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Reduced voltility is welcomed

  • Jason Ellis, Managing Director, Capital Markets

Good morning,

Welcome to what is quickly becoming more of a tri-weekly struggle to come up with new and interesting material.  In my defense, I was out of town last week visiting my younger, cooler, taller brother, also known as “Heli-Ski Pilot Guy”.  Yup.  Treasury Guy got the short straw on the career awesomeness trade.  Anyway…

National Bank closes broker division
Last week National Bank announced its intention to withdraw from the residential mortgage broker channel, leaving Scotiabank and TD as the last of the Big 6 banks lending directly through brokers.  National will, however, continue to generate mortgages indirectly through the channel, announcing an intention to purchase mortgages originated by non-bank lenders.  Anyone have their number?  Treasury Guy should probably give them a call.

The Canadian unemployment rate fell from 7.0% to 6.8% in November.   It was the first decline in 5 months.  Unfortunately, the change was largely driven by people dropping out of the labour force and companies adding part time workers, so not exactly a big win.  Unemployment in Alberta surged to its highest level in 20 years at 9%.  Blurg.

Rates have finally found a bit of a range.  5 year bonds have been trading between 1.00% and 1.05% for the last couple of weeks.  10 year bonds have been similarly range bound between 1.62% and 1.67%.  It’s been a frantic market since the US election and yields are generally 40-50bps higher since September 30th.  To be honest, the reduced volatility has been a welcome change.  Adventure?   Excitement?  Hmmph!  Treasury Guy craves not these things. 

The Bank of Canada met on Wednesday this week.  As was widely expected, the overnight benchmark rate was left unchanged at 0.50%.  Apparently the world economy continues to face “undiminished uncertainty”.  In case you were wondering, the last change by the bank was a 0.25% easing in July of 2015 from 0.75% to the current 0.50%.  The last time the bank raised rates was in September 2010, the last of three consecutive hikes that took the overnight rate from a post liquidity crisis low of 0.25% to 1.00%.  The bank next meets on January 18th.  No move is expected.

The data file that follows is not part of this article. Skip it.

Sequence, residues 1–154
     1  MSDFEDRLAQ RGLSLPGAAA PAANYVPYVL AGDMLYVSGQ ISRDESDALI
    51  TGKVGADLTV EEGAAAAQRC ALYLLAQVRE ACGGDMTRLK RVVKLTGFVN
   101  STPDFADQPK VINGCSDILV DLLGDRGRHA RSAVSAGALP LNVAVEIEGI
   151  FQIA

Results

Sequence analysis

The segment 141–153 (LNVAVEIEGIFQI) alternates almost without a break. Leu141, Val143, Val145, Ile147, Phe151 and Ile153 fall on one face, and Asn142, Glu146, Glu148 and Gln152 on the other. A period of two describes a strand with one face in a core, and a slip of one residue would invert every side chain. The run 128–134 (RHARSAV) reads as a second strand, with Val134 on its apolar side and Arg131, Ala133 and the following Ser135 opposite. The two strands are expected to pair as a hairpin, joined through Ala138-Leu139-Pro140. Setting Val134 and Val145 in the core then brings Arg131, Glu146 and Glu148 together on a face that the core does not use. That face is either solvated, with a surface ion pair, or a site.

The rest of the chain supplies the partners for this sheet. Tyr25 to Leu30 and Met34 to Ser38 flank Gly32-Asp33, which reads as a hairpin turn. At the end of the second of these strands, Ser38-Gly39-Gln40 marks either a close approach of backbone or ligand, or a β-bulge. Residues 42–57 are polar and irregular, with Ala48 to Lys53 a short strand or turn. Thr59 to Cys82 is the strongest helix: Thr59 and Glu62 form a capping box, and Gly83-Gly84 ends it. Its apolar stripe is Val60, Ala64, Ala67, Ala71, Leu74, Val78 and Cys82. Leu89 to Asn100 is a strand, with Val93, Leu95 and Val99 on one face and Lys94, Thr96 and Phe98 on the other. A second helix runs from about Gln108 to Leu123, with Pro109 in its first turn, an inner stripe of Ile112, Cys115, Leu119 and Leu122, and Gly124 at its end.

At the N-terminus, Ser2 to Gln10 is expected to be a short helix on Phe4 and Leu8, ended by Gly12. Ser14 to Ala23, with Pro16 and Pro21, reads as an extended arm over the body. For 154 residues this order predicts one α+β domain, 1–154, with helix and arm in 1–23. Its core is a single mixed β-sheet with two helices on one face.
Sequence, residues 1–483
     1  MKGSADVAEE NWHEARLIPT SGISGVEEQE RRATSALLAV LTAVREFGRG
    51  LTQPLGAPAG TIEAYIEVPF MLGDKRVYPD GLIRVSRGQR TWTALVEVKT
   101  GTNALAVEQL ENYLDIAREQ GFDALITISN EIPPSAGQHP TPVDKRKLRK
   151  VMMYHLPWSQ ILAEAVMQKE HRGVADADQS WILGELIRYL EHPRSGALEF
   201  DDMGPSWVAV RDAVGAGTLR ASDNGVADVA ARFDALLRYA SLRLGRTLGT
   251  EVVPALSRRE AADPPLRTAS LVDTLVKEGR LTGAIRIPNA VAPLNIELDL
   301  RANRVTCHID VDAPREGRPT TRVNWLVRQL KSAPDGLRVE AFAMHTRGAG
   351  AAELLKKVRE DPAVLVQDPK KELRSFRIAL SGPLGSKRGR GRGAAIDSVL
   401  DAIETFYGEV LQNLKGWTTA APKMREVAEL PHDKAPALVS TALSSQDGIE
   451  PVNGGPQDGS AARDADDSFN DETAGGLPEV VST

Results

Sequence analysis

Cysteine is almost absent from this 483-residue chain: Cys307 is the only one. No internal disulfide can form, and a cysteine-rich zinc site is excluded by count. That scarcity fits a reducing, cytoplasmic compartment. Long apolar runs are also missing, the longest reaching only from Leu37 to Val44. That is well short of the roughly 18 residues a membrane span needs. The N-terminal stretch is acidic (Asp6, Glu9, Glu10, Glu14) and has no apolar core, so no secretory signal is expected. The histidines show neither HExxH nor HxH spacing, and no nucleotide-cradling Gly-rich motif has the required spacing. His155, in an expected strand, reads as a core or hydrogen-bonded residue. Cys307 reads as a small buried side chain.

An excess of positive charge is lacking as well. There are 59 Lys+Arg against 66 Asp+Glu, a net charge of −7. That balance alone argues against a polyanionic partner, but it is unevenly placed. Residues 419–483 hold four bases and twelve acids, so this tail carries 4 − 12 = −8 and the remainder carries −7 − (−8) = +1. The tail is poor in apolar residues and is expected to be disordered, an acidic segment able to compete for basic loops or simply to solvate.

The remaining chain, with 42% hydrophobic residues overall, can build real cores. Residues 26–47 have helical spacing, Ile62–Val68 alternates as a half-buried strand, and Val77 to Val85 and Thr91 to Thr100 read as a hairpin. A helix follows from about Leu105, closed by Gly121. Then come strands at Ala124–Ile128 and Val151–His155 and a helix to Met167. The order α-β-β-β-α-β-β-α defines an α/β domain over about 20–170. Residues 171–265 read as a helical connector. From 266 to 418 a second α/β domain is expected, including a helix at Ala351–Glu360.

The US FOMC meets next Wednesday and in a brazen act confidence, traders have now priced in a 100% chance of a hike (based on Fed Fund futures).  100%.  Apparently it’s “Hike, or hike not.  There is no try”.

The December 5-year CMB should launch on Monday, for pricing on Tuesday, ahead of the FOMC rate announcement on the 14th.  Dealer’s order books are already full, and the bond is well oversubscribed.  With only $5 billion left under the $40 billion Canada Housing Trust annual issuance cap, we can be fairly certain the deal will not be upsized from the expected $5 billion.  This should be constructive for spreads which have generally narrowed throughout most of 2016 and are currently near their tightest levels of the year.  New issue pricing is expected around GoC’s +40ish.   That compares favourably to the mid 50’s seen in March, but less so compared to the mid 20’s last seen in 2014.

Since we’re talking about the CMB, I will mention that DBRS confirmed the AAA rating of Canada Mortgage and Housing Corporation (“CMHC”) this week.  In completely unrelated ratings news, the Kingdom of Sweden was also confirmed at AAA by DBRS.  Speaking of Sweden, here’s a funny Swedish word.  “Farthinder”.  It means speedbump, only funnier.

TD Securities was in the market yesterday with a $500 million 5 year NHA MBS pool.  The deal was oversubscribed and cleared at the indicated spread of +74 over the curve, the lowest MBS spread since the spring of 2015. 

In generic credit spread news, the CDX IG27 ($US Investment Grade Spread Index) is trading around its tightest level of the year at +69.  To put that in context, it was almost twice that at +124 back in February.

The Donald continues to assemble his cabinet.  According most observers, you will never find a more wretched hive of scum and villainy.  We must be cautious.

Meanwhile, in South Korea, President Park Geun-hye was impeached over an influence-peddling scandal.  No immediate impact on Canadian mortgage rates.

That’s all for now.  It’s the First National Christmas Party tonight and Treasury Guy is on the decorating committee.  I’ve got a long day of cutting out paper snowflakes ahead of me. 

Have a great weekend.

Treasury Guy
Jason Ellis, Managing Director, Capital Markets